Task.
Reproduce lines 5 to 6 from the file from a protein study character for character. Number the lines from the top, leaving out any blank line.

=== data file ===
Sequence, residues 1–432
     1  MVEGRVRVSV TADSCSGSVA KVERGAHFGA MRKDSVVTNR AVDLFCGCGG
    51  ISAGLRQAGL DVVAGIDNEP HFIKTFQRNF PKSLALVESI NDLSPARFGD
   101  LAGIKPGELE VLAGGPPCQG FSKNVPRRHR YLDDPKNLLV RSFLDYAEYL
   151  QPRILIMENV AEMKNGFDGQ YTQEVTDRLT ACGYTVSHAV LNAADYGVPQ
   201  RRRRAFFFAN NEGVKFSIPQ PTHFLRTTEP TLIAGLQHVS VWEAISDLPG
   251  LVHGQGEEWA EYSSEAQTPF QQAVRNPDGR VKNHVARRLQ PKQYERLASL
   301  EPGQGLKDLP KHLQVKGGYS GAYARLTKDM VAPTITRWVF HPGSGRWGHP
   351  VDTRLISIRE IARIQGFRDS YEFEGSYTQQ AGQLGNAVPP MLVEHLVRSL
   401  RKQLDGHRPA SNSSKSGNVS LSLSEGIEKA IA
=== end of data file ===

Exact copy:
   151  QPRILIMENV AEMKNGFDGQ YTQEVTDRLT ACGYTVSHAV LNAADYGVPQ
   201  RRRRAFFFAN NEGVKFSIPQ PTHFLRTTEP TLIAGLQHVS VWEAISDLPG